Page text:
Ethiopian Jews Protest in Jerusalem
Israeli protesters, Jews of Ethiopian origin, participate in a protest on what they say was police violence against their community in Jerusalem April 30, 2015. REUTERS/Ronen Zvulun

As protests raged throughout the United States, Israel dealt with its own demonstrations on 30 April, after about 1,000 Ethiopian Jews took to the streets of Jerusalem to protest police brutality.

The protests, which occurred in front of the national Israel police headquarters, were prompted by a video showing two police officers attacking an Israeli soldier of Ethiopian descent.

According to Haaretz, the incident occurred on 26 April in the Tel Aviv suburb of Holon. The video shows a police officer pushing Demas Fekadeh to the ground after Fekadeh does not move at the officer's request. Another officer is then seen hitting the soldier.

Thursday's protests began with several hundred demonstrators, growing to about 1,000 later in the evening, Haaretz reported. Protesters marched from the police headquarters to the centre of the city, near the Prime Minister's Residence. They later blocked the intersection between Jaffa St and King George St, the newspaper reported.

According to the Jerusalem Post, the protests turned violent after demonstrators refused to disperse. "After receiving announcements that they must leave, the demonstrators continued to march, forcing police to disperse the crowd using forceful means," police spokesman Micky Rosenfeld said. "The protesters began throwing rocks and bottles at police while trying to fend them off."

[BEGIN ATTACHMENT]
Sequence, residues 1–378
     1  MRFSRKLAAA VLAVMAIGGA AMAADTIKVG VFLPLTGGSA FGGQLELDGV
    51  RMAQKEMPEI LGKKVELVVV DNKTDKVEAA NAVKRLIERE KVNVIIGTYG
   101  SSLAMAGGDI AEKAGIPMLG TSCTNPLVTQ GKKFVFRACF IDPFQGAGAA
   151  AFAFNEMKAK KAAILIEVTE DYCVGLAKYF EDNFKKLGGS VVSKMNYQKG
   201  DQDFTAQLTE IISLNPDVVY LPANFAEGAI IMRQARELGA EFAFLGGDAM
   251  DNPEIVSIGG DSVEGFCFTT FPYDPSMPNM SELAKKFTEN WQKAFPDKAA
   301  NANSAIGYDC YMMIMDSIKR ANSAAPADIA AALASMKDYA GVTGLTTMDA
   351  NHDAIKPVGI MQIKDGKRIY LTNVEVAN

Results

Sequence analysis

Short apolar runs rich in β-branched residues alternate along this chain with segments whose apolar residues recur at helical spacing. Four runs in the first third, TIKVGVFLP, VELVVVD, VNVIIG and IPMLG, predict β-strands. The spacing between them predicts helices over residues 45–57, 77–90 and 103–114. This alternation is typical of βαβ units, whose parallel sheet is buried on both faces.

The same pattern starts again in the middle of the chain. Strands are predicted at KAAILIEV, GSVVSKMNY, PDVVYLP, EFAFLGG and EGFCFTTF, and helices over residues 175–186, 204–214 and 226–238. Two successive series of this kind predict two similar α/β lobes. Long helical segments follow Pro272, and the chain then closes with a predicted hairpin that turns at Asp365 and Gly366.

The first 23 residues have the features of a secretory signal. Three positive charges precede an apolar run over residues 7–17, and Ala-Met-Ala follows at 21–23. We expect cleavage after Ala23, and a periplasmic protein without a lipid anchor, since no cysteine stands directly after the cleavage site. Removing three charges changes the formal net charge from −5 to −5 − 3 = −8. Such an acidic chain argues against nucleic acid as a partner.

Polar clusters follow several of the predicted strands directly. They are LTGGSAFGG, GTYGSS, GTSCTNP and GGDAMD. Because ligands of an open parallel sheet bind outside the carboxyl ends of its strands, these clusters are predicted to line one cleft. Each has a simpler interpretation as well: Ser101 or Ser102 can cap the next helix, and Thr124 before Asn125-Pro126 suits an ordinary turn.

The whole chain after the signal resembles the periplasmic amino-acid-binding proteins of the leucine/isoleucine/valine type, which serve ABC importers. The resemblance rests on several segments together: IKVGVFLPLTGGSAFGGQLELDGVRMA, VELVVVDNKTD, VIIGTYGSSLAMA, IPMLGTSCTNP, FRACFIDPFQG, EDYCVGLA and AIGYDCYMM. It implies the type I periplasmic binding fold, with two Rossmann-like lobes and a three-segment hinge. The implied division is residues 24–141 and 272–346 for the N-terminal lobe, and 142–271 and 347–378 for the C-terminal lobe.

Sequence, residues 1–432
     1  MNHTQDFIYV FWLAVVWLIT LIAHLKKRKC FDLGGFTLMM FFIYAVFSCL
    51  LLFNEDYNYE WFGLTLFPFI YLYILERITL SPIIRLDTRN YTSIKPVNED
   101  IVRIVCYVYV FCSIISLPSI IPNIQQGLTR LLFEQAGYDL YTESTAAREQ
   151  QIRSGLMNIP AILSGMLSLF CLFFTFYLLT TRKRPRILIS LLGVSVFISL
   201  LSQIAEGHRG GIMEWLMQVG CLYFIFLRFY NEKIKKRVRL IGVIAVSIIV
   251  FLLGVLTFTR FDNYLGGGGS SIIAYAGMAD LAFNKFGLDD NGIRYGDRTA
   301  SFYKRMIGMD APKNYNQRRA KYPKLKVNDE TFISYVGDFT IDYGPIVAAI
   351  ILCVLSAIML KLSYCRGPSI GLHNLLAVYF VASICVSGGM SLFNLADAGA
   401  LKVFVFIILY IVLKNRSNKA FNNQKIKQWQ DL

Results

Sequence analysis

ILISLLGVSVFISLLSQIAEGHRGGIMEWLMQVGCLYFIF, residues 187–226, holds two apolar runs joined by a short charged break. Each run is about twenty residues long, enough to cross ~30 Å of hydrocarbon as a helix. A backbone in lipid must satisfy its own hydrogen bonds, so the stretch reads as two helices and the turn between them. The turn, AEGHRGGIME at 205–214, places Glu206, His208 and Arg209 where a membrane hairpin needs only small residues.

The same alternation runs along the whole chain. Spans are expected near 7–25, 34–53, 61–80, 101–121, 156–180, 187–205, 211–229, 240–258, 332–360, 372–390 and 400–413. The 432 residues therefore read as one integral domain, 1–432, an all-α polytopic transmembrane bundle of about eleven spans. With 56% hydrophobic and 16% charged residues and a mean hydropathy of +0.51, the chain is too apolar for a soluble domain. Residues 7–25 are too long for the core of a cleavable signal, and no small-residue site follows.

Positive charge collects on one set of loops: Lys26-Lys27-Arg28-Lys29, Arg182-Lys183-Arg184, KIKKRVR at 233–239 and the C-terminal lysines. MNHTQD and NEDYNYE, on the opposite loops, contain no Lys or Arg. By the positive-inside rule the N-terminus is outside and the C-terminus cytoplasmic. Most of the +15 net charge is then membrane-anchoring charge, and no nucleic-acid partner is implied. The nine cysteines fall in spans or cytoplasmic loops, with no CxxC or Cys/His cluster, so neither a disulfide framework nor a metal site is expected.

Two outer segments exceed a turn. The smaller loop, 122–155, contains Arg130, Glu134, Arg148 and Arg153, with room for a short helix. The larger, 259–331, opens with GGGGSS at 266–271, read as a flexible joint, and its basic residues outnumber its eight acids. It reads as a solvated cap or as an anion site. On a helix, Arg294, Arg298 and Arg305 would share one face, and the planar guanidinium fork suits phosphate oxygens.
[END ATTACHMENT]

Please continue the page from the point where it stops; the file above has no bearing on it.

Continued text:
Ten protesters and three police officers were treated for injuries by medical teams. According to Haaretz, seven protesters and two officers were taken to hospital for additional treatment. Two protesters were arrested after attempting to attack officers.

Jerusalem Mayor Nir Barkat attempted to calm protesters, saying, "Do you doubt that the prime minister, ministers, and 120 Knesset members want to embrace the Ethiopian community?" However, protesters questioned his actions.

One protester responded to Barkat, "I don't want a hug. Look at me as you would look at a white person. I don't need a hug. That is a patronizing attitude that says that I'm incapable, so let's give him a hug."

Prime Minister Benjamin Netanyahu also called for calm, according to the Jerusalem Post. "I strongly condemn the beating of the Ethiopian IDF soldier, and those responsible will be held accountable," he said. "It is forbidden for anyone to take the law into his own hands."

Meanwhile, Jerusalem Police Chief Chico Edri told protest organisers that he understood their anger and that the police was investigating the incident. Protesters argued the officers involved acted on racists beliefs and are calling for the officers to be put on trial. Haaretz noted that officials at the Justice Ministry's police investigation division have opened an investigation.